Harry T. Bradley

Public Servant

Harry T. Bradley was born in Coleman, Texas, on March 1, 1943 to I.L. and Ava Jewel Bradley. His father’s job with the Halliburton Company would result in Harry living his formative years in several West Texas towns. However, Anson, where his mother’s family lived, was his designated home.

After graduating from Cisco High School in 1961, he enrolled in Hardin-Simmons where he was a member of Tau Alpha Phi fraternity and Alpha Kappa Psi business fraternity. He worked part time at Dyess Air Force Base and for HSU basketball coaches, Lou Henson and Paul Lambert, while he earned a Bachelor of Science degree which he received in 1965.

Upon graduation, Harry served in the United States Air Force from 1965-1967, returning to Hardin-Simmons to complete a Master of Arts degree in economics in December of 1969.

Following graduate school, he moved to Austin and worked for the Texas Water Development Board. During his spare time, he became involved in Democratic Party politics and campaigns, working in numerous local, state and national elections. He kept his involvement with the Democrats a big secret from his paternal grandparents because they were “dyed-in-the-wool Republicans.” He was their only grandson, named after his grandfather. This was a promise made to his mother because of something called “family harmony.”

In 1979, Harry was hired by Abilene State Senator, Grant Jones, Chairman of the Senate Finance Committee. The educational and professional experience he gained through that position allowed him the opportunity to work for Attorney General Mark White and afterward in the Governor’s Office as Special Assistant to Governor White. In this capacity, he helped Governor White lead the effort to finalize the agreement between the Lower Colorado River Authority and the Colorado River Municipal Water District to build Stacy Reservoir, known today as the O.H. Ivie Reservoir.

He returned to the Texas Water Development Board in 1987. Three years later, he joined the Bob Bullock for Lieutenant Governor Campaign, working full-time in both the 1990 and 1994 campaigns.

At the close of the 1994 campaign, Lieutenant Governor Bullock appointed Harry as Superintendent of the premiere burial ground for honored Texans, the Texas State Cemetery, where he continues to serve today. In addition to statewide elected officials, the Cemetery is the final resting place for heroes of the Texas Revolution, Civil War soldiers and cultural icons, as well as such historical figures as Stephen F. Austin and Sam Rayburn, members of the United States House of Representatives and Senate, members of the Texas House and Senate, and notable astronauts, artists, and authors.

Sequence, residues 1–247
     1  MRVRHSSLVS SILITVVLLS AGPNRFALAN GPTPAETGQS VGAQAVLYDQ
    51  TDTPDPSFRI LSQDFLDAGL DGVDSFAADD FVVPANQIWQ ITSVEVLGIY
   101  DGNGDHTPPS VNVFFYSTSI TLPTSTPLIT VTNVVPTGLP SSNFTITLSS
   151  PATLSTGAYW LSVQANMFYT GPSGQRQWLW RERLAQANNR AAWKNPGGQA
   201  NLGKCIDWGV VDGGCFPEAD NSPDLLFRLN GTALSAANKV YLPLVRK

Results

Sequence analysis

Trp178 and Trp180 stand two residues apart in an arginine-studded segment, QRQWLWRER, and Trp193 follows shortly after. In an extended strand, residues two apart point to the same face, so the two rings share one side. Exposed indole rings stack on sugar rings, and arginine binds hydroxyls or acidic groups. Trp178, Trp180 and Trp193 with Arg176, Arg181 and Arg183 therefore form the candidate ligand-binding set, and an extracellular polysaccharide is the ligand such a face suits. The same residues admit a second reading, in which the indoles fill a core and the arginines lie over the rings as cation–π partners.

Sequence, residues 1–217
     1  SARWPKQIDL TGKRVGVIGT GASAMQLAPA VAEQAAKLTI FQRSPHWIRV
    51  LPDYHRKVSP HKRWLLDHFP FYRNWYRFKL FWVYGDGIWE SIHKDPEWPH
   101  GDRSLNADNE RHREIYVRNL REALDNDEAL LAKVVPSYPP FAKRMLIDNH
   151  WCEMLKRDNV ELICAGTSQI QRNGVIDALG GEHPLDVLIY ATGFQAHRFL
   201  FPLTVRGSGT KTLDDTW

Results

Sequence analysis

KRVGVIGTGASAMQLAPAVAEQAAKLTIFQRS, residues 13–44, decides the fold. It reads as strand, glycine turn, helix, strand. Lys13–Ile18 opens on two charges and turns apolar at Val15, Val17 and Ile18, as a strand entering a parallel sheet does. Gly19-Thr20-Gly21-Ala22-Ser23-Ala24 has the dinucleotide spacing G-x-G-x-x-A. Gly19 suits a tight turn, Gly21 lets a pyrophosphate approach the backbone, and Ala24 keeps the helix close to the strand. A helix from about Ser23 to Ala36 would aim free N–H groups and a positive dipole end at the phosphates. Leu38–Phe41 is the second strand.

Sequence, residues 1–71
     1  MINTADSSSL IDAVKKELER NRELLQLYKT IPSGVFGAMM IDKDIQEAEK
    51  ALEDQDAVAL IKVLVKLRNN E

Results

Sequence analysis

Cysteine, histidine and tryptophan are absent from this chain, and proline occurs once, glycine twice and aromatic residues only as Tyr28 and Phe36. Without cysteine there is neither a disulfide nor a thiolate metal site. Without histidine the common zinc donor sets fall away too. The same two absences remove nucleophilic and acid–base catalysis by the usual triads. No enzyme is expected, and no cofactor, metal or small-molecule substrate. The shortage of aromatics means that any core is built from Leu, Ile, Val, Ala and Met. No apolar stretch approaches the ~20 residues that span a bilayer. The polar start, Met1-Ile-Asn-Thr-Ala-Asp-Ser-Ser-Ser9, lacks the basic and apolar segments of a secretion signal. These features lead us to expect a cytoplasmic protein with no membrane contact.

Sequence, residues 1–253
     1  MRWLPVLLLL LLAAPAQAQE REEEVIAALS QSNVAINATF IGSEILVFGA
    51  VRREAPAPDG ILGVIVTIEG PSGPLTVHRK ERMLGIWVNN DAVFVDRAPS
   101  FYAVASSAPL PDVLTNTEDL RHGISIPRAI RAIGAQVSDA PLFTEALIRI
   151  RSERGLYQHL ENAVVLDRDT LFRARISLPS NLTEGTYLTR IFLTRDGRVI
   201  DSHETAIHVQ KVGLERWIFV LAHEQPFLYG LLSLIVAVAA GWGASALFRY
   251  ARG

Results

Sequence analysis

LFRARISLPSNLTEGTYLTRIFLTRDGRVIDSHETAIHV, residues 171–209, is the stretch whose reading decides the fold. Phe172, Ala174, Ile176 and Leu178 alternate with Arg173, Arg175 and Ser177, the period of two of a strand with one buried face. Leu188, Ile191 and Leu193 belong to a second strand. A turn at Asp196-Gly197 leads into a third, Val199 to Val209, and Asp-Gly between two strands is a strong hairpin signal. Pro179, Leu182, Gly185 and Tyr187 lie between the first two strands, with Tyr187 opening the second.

Harry is a member of the Greater Mount Zion Baptist Church in downtown Austin. He has served as a Baptist deacon since 1986. He has one son, D’Marcus Dynell Wilson, who is the love of his life, and one grandson, D’Marcus Dynell Wilson, Jr., and a daughter-in-law, Dezhia Gorrer.

He has long served as a mentor and tutor in the Austin public schools and in 2005 was chosen as Mentor of the Year by the Austin Independent School District for elementary schools. His interests also include working with youth basketball and football leagues. He is a lifetime member of the American Legion. He was awarded the State Community Builder Award for Non-Masons by the Grand Masonic Lodge of Texas in 2006.

When Harry was a student at HSU, he could not have imagined the amazing opportunities he would experience in Texas government. For many years he was a familiar face in the Texas Capitol Building where he interacted daily with the key leadership of the state. A master storyteller, he has a host of stories and memories, which he loves to share. He retains a vast reservoir of knowledge about the players in Texas politics spanning the last five decades.

In 2013, Harry was instrumental in bringing special recognition to Hardin-Simmons University as he spearheaded an effort to have a memorial to the late HSU President Evan Reiff displayed at the Texas State Cemetery. Harry wanted to recognize Dr. Reiff for his work in integrating the HSU student body in the early 1960s. The memorial stands today because Harry demonstrated bold leadership in making this happen. He also held a special ceremony at the Cemetery honoring the life of Dr. Reiff on the day the memorial was dedicated.

In recognition of his service to the State of Texas and his love for his alma mater, Hardin-Simmons University proudly inducts Harry T. Bradley into the HSU Hall of Leaders.